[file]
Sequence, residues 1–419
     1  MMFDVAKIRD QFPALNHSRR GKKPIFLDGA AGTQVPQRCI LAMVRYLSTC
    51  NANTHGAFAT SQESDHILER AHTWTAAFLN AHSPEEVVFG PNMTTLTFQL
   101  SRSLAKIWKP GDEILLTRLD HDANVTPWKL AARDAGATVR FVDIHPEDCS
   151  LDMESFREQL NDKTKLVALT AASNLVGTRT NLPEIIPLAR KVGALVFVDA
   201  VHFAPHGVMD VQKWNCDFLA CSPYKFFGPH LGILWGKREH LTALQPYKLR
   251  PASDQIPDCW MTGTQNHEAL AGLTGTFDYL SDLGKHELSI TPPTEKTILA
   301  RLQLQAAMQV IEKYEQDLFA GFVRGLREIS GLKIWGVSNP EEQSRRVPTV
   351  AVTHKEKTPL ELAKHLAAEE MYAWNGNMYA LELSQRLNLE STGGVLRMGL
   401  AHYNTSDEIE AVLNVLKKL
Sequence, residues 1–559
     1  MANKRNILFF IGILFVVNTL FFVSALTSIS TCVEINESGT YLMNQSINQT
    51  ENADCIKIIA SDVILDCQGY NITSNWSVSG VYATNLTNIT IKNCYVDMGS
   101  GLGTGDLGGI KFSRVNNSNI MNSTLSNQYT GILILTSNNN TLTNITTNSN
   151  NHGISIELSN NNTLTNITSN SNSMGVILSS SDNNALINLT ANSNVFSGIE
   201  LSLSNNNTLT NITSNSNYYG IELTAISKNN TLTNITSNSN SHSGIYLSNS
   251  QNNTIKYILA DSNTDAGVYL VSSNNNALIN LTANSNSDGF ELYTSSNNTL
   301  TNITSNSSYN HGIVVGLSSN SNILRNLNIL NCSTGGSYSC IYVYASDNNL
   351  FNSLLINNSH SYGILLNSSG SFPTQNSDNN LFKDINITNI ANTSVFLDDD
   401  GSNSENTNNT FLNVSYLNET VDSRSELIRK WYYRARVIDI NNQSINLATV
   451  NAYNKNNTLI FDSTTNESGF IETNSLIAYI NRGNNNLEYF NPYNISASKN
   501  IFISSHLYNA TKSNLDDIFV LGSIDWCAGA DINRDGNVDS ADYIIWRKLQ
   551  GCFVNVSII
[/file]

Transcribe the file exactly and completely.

Sequence, residues 1–419
     1  MMFDVAKIRD QFPALNHSRR GKKPIFLDGA AGTQVPQRCI LAMVRYLSTC
    51  NANTHGAFAT SQESDHILER AHTWTAAFLN AHSPEEVVFG PNMTTLTFQL
   101  SRSLAKIWKP GDEILLTRLD HDANVTPWKL AARDAGATVR FVDIHPEDCS
   151  LDMESFREQL NDKTKLVALT AASNLVGTRT NLPEIIPLAR KVGALVFVDA
   201  VHFAPHGVMD VQKWNCDFLA CSPYKFFGPH LGILWGKREH LTALQPYKLR
   251  PASDQIPDCW MTGTQNHEAL AGLTGTFDYL SDLGKHELSI TPPTEKTILA
   301  RLQLQAAMQV IEKYEQDLFA GFVRGLREIS GLKIWGVSNP EEQSRRVPTV
   351  AVTHKEKTPL ELAKHLAAEE MYAWNGNMYA LELSQRLNLE STGGVLRMGL
   401  AHYNTSDEIE AVLNVLKKL
Sequence, residues 1–559
     1  MANKRNILFF IGILFVVNTL FFVSALTSIS TCVEINESGT YLMNQSINQT
    51  ENADCIKIIA SDVILDCQGY NITSNWSVSG VYATNLTNIT IKNCYVDMGS
   101  GLGTGDLGGI KFSRVNNSNI MNSTLSNQYT GILILTSNNN TLTNITTNSN
   151  NHGISIELSN NNTLTNITSN SNSMGVILSS SDNNALINLT ANSNVFSGIE
   201  LSLSNNNTLT NITSNSNYYG IELTAISKNN TLTNITSNSN SHSGIYLSNS
   251  QNNTIKYILA DSNTDAGVYL VSSNNNALIN LTANSNSDGF ELYTSSNNTL
   301  TNITSNSSYN HGIVVGLSSN SNILRNLNIL NCSTGGSYSC IYVYASDNNL
   351  FNSLLINNSH SYGILLNSSG SFPTQNSDNN LFKDINITNI ANTSVFLDDD
   401  GSNSENTNNT FLNVSYLNET VDSRSELIRK WYYRARVIDI NNQSINLATV
   451  NAYNKNNTLI FDSTTNESGF IETNSLIAYI NRGNNNLEYF NPYNISASKN
   501  IFISSHLYNA TKSNLDDIFV LGSIDWCAGA DINRDGNVDS ADYIIWRKLQ
   551  GCFVNVSII